While neighboring snowmen were allowed to flaunt their nudity with coal-eyed jauntiness, Elisa Gonzalez and her kids heeded the warning from the police.
They dressed their controversial snowlady in a green bikini top and hip-hiding blue sarong.
I thought she looked more objectified and sexualized after you put the bikini on, Gonzalez, 44, of Rahway told the Newark Star-Ledger.
Gonzalez, a court reporter, said her family's twist on the favorite winter pastime was influenced by the armless ancient Greek statue Venus de Milo. She admits the snowbabe was curvaceous, bodacious and booty-licious - but hardly obscene.
Rahway police received an anonymous complaint of a naked snow woman and dispatched an officer to Gonzalez's Colonia Blvd. home to investigate. Gonzalez said the cop who came to her house said, It's very good, adding that the cop was
apologetic about asking her to tone down the display.
The National Coalition Against Censorship (NCAC) sent a letter to Temecula, California, City Management protesting the censorship of an artwork to be displayed at a city-owned gallery.
Jeff Hebron's painting, which had been selected for inclusion in Visual Expressions 2010, was removed from the exhibition because it depicted a nude figure.
I am writing on behalf of the National Coalition Against Censorship, an alliance of over 50 national non-profit organizations united in defense of free expression, regarding the removal of Jeff Hebron's work from Visual
Expressions 2010. The removal of the artwork from an exhibition at the gallery of The Merc, a city-owned theater and gallery space, raises serious First Amendment concerns. We urge the City to apologize for removing Mr. Hebron's work and to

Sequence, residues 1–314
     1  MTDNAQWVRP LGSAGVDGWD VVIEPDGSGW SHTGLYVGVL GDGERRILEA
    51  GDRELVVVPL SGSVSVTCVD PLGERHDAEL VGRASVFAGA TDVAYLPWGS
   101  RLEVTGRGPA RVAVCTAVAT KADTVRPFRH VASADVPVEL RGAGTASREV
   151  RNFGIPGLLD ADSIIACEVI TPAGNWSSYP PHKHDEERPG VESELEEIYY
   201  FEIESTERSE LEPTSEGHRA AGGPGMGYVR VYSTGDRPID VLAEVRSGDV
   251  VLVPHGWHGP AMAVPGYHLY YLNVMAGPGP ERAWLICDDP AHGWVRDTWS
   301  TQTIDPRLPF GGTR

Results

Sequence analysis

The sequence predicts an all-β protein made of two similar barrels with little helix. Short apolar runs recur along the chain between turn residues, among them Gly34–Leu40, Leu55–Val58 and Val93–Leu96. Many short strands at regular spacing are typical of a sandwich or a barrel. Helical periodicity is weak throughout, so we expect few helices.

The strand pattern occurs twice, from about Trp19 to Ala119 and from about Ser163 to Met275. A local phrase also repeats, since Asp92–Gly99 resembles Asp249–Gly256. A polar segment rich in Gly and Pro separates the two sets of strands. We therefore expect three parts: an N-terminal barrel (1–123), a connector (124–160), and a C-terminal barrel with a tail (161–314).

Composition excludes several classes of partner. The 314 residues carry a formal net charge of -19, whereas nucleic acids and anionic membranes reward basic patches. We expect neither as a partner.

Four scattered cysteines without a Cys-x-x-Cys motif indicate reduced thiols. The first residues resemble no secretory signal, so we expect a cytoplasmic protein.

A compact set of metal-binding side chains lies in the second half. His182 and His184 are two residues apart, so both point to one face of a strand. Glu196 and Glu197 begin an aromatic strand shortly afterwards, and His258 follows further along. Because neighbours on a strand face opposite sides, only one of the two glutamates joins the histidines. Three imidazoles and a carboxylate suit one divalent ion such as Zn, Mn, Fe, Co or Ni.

draft exhibition policies that are consistent with First Amendment principles.
It is our understanding that Mr. Hebron's work, which had been selected for inclusion in Visual Expressions 2010 based on its artistic merit, was removed from the exhibition upon a request by the City Management.
Apparently, according to the City Management, a painting of a nude figure does not belong in a gallery where families with children may come.
It is not the role of a public official to shield the eyes of the public from work because he subjectively decides it is not family-friendly. As a public gallery, the gallery at The Merc is governed by the free
speech clause in the First Amendment, meaning that the selection of art in the gallery should be based on viewpoint-neutral criteria such as creative excellence, cultural significance and intellectual richness. The arbitrary, subjective, and
vague determination of what might be appropriate for the venue has led in this case to the impermissible imposition of an individual's viewpoint on the whole community and is likely to be found in violation of First Amendment principles.
Simple nudity is not sufficient ground for excluding artwork from public exhibition. If it were, a vast amount of great art, including masterpieces like Michelangelo's David, would be off limits.
We urge you to reconsider your decision in this matter and make it clear to the public through a carefully drafted policy that work like the one you recently censored will be allowed in future exhibitions at the gallery
at The Merc and other City venues.
Svetlana Mintcheva Director of Programs National Coalition Against Censorship